NOS Nieuws•vandaag, 18:19
Heavy rainfall, green mountain tops and even flooding: the normally dry Saudi Arabia has had to deal with a lot of wetness in recent months. According to experts, this is not unrelated to climate change.
Because where the mountains around the holy places Mecca and Medina are normally black or brown, they turn green after the recent rainfall. Images of this rare phenomenon are circulating on social media, especially in the Islamic community, which links it to the Day of Judgment.
First the images, see them for yourself here:
Green hills near Mecca by rain
Muslims, like other Abrahamic religions, believe in the end of the world and the Day of Judgment. According to a tradition of the Prophet Muhammad, there are several signs that that day is coming. That ‘the land of the Arabs’ would go back to lots of greenery and rivers, as it once was, is one of them.
According to climate scientists, the heavy rainfall has to do with changing weather conditions. Saudi Arabia has a desert climate and in some places a semi-arid climate, explains Michelle van Vliet. She is professor of physical hydrology at Utrecht University. In the region around Mecca, an average of 112 millimeters of rain falls per year. In the Netherlands this is around 870 millimetres.
Normally there is relatively little rain around Mecca, much less than in recent months in that region. “You cannot necessarily say that one extreme rain shower in Saudi Arabia in December is due to climate change. After all, the weather is always erratic, but the chance of these kinds of extremes is increasing all over the world,” says Leo Meyer, director of ClimateContact , which aims to make knowledge about climate change more accessible.
“Global warming in the last half century means that more water vapor is retained. That vapor also has to settle somewhere,” explains Meyer.
“The distribution of that precipitation over different regions changes in space, but also in time. That means very heavy precipitation, but also very severe drought in some places,” Van Vliet adds. “And the fact that those extremes are becoming more and more extreme is also related to climate change.”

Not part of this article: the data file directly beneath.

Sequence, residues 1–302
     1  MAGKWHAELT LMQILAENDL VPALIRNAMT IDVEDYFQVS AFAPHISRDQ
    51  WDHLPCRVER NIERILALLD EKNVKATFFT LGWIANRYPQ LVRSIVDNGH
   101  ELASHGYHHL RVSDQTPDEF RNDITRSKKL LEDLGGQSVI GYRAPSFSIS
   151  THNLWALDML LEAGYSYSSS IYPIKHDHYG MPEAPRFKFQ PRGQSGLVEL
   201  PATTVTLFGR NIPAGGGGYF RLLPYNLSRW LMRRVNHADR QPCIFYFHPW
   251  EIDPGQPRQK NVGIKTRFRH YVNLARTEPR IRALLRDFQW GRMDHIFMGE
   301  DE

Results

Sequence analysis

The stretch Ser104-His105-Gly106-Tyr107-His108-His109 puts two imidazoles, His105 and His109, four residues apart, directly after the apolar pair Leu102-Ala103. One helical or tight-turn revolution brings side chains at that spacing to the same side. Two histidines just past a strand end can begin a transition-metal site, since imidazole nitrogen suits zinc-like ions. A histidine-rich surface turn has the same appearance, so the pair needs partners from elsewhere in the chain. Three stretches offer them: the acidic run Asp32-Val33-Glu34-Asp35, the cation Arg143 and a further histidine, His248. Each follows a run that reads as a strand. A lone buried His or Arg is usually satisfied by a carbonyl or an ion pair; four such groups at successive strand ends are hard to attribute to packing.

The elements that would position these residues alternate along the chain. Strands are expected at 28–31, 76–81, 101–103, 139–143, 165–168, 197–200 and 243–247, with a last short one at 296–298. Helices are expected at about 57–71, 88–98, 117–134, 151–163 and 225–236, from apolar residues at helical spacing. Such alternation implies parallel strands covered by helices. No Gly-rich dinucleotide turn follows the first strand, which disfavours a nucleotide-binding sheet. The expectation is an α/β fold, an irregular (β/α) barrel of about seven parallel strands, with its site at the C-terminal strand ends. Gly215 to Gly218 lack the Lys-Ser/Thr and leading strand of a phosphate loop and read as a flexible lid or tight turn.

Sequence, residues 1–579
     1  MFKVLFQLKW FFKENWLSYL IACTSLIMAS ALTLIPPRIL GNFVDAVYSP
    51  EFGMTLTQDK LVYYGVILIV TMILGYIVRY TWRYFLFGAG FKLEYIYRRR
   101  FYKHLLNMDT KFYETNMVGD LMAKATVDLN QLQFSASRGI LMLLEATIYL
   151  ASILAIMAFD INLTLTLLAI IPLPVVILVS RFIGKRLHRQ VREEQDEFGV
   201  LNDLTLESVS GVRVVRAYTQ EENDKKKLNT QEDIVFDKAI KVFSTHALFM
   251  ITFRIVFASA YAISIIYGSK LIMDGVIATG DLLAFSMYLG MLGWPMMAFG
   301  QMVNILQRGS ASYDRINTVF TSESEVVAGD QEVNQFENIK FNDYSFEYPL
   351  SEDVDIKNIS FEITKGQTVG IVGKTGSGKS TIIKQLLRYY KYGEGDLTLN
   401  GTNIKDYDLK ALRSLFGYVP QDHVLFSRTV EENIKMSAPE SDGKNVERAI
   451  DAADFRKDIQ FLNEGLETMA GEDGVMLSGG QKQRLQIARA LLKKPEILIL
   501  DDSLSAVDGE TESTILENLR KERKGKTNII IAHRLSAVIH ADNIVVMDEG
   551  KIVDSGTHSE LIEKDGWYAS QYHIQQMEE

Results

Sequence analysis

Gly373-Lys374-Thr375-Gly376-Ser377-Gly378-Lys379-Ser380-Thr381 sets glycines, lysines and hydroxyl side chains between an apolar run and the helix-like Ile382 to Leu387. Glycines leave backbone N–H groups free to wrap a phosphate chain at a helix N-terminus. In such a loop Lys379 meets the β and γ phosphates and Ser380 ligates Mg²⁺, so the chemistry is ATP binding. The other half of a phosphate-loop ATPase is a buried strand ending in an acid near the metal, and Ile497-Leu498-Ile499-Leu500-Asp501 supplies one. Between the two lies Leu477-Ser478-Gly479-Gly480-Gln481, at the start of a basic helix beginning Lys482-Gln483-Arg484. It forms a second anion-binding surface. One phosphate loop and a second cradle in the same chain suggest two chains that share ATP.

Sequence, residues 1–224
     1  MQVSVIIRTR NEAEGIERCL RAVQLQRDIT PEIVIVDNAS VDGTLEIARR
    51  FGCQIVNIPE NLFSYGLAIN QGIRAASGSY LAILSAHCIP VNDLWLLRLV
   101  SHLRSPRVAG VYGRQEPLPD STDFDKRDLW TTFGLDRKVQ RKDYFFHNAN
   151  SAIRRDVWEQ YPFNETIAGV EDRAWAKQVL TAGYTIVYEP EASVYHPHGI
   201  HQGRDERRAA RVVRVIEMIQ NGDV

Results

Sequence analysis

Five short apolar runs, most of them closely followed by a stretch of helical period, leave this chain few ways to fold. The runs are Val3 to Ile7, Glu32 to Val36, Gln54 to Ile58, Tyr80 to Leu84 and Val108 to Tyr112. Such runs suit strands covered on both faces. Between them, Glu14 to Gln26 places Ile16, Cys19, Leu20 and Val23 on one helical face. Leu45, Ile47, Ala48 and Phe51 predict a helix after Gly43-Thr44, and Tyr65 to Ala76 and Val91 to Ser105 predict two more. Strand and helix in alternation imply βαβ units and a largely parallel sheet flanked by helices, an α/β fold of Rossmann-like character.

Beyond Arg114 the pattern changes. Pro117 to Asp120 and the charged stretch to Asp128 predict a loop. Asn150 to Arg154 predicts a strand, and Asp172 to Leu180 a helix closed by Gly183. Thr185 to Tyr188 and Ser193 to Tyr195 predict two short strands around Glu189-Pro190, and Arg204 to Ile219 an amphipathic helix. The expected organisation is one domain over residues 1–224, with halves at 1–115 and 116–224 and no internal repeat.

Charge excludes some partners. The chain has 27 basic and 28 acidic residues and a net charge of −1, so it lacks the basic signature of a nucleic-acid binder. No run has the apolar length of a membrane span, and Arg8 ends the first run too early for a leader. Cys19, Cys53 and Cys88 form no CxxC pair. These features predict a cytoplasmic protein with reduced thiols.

Nature reacts immediately
Where usually nothing grows, spontaneous flowering can suddenly occur. This also happened earlier after a period of rare rain in the Atacama Desert in Chile. Plants in dry areas do not survive extreme weather, but they do disperse their seeds. They can sprout suddenly, even during a relatively short shower.
Images of the region from NASA’s Terra satellite, via ArabiaWeather
Satellite images of the region, showing a green strip
Mecca and Medina, where many of these sudden weather changes have been observed, are sacred areas for Muslims. That is why the images caused quite a stir, especially in that community. Although most Muslims do not directly attribute the change to faith, a tradition or hadith from the Prophet Muhammad is widely cited.
The fact that Saudi Arabia now turns green would belong to one of the described signs for the Day of Judgment from such a hadith. There is discussion about these signs among Muslim scholars, explains Umar Ryad, professor of Arabic and Islamic Studies at the University of Leuven.
Some theologians see them as prophecies and miracles of the word of God in the Qur’an. But according to Ryad, there are many Muslim scholars who find the hadiths, which have been handed down for years, not always reliable. “That’s why one has to be careful with it,” he says.
“In prehistoric times, Arabia was green,” says Ryad. “A lot of archaeological research is now being done on this. For example, the Green Arabia project, where scientists are looking for the green origin of the area.”
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